Low T can cause a decrease in hair density, which is the number of hairs per square centimeter of the scalp. This is because testosterone is necessary for hair growth and maintenance. When testosterone levels decrease, hair growth slows down, and hair follicles shrink, leading to thinning hair.
Low T can also cause an increase in body fat, which can contribute to hair loss. Fat cells convert testosterone into estrogen, which can interfere with hair growth. Additionally, excess body fat can cause inflammation, which can damage hair follicles.
What Happens When Men with Low T Start Testosterone Treatment?
When men with low T start TRT, they may experience various changes in their body, including their hair. TRT can cause an increase in body and facial hair growth, which is a desirable effect for many men. However, it may also cause an increase in hair shedding, especially during the first few months of treatment.
As mentioned earlier, TRT can cause a shift in the hair growth cycle, leading to increased shedding of hair. This type of hair loss is usually temporary and resolves once the body adjusts to the new hormone levels. However, some men may experience persistent hair loss, which may require further evaluation.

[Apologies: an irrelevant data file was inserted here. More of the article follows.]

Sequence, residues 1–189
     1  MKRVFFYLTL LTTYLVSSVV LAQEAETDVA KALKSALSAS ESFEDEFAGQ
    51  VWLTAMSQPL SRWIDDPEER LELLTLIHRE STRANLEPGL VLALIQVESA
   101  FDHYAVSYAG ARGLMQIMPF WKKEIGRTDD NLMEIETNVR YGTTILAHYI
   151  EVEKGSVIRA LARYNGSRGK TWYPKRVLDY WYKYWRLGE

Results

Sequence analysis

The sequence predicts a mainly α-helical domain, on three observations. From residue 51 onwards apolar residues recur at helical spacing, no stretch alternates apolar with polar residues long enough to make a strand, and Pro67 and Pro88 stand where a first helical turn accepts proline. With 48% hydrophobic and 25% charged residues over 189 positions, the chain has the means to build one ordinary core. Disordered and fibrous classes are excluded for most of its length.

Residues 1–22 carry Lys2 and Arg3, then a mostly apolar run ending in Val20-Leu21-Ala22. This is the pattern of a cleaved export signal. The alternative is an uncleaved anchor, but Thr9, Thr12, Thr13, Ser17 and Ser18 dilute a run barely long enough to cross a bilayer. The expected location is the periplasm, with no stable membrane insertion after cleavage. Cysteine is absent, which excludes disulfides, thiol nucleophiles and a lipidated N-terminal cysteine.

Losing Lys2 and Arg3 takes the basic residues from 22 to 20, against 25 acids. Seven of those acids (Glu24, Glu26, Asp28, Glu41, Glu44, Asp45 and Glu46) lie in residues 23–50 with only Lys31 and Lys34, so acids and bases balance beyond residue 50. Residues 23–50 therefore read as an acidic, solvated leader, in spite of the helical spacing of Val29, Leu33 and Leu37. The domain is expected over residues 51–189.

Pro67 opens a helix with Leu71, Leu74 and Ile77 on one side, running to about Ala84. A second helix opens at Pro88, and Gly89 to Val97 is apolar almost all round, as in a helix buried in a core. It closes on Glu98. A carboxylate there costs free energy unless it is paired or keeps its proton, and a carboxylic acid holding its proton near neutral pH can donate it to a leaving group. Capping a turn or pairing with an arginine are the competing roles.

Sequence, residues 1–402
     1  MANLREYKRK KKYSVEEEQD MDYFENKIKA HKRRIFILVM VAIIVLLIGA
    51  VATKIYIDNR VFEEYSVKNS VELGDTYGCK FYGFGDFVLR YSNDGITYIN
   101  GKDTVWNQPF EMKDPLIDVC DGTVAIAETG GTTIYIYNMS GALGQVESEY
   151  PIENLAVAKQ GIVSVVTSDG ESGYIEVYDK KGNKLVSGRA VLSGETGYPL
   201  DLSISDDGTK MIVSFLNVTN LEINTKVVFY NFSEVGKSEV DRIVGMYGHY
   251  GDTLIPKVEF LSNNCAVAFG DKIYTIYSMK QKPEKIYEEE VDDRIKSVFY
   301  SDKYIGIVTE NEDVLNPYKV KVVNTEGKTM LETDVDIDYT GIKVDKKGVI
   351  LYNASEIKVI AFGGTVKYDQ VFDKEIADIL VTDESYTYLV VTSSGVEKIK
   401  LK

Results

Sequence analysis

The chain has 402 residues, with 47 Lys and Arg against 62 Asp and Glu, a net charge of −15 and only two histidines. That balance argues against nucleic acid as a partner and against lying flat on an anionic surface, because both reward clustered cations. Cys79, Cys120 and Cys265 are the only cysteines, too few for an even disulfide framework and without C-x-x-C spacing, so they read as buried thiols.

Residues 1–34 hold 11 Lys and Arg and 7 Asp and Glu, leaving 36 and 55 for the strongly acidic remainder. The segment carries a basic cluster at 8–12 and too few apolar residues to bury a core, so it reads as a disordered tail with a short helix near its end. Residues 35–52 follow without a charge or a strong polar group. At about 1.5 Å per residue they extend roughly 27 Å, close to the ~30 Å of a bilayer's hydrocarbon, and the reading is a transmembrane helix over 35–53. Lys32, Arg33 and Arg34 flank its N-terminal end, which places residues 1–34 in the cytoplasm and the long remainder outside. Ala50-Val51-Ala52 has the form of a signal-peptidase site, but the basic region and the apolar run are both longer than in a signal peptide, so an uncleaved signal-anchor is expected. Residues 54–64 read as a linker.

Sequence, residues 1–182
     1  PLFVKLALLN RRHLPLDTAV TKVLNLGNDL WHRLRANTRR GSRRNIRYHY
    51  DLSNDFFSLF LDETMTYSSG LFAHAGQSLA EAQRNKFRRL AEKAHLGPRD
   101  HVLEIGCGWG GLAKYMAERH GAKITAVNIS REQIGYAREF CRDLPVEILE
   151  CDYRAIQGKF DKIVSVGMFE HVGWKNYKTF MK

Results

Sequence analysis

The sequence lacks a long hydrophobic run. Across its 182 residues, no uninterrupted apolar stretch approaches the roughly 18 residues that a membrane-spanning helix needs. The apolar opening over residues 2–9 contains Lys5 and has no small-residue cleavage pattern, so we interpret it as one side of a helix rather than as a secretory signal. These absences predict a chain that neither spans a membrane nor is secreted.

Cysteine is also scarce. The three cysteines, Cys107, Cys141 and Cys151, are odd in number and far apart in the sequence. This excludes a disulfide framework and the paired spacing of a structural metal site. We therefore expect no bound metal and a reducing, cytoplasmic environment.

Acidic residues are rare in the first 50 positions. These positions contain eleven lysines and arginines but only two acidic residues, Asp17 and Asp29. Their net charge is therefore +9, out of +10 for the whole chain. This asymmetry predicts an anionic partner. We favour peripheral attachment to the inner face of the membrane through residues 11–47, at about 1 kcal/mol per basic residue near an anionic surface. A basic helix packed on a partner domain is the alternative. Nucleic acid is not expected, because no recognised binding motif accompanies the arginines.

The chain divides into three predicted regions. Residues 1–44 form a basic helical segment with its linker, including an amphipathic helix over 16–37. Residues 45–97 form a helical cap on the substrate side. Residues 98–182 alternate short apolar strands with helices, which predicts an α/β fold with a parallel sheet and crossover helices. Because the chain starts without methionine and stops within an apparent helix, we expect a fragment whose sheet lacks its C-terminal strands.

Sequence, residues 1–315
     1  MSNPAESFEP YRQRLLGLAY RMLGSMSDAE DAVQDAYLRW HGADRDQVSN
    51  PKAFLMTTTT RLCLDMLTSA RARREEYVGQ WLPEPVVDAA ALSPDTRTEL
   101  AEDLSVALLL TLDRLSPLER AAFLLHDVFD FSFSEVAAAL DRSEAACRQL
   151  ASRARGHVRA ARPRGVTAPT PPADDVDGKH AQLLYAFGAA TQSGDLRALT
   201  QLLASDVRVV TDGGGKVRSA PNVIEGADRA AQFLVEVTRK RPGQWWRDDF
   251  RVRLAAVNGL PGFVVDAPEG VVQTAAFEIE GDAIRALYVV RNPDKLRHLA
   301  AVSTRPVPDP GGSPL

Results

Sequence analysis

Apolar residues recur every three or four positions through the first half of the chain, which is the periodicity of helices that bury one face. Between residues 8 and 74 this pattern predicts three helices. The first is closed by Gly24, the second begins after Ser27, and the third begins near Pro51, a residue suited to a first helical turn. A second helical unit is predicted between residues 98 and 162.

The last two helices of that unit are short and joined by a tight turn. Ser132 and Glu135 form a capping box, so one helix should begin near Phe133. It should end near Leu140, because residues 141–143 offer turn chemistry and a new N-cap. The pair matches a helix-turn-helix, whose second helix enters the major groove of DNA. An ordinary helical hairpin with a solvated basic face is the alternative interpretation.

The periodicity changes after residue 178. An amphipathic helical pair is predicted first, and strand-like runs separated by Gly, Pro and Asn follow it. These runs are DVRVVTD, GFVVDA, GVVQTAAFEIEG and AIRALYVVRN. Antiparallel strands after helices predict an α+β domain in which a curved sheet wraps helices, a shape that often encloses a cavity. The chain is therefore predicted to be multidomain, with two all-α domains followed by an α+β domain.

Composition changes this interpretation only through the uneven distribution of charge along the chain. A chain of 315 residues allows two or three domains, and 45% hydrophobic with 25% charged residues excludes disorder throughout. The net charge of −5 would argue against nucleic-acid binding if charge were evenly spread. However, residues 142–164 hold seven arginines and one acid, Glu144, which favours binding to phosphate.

Men who are genetically predisposed to male pattern baldness may experience an acceleration of the process when they start TRT. This is because TRT can increase the production of DHT, which can shrink hair follicles and cause balding. However, as mentioned earlier, TRT can also reduce the production of DHT by converting it into a less harmful form.
March 8th, 2023
Posted In: Low T Info
alopecia, androgenetic alopecia, bald, DHT, dihydrotestosterone, estrogen, finasteride, hair loss, low t, male pattern baldness, minoxidil, telogen effluvium, testosterone
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In an independent study, Relevant Research, Inc. determined that 40% of men experience noticeable hair loss by the age of 35. By age 60, 65% of men will suffer from balding or thinning hair. For some men, the problem begins at an even younger age, as early as their 20s.
The Mayo Clinic reports that the genetic condition commonly called male (or female) pattern baldness is the most common cause of hair loss. Men in particular are genetically predisposed to lose their hair as they age, thanks to a sensitivity to certain sex hormones, including testosterone. These hormones are collectively called androgens.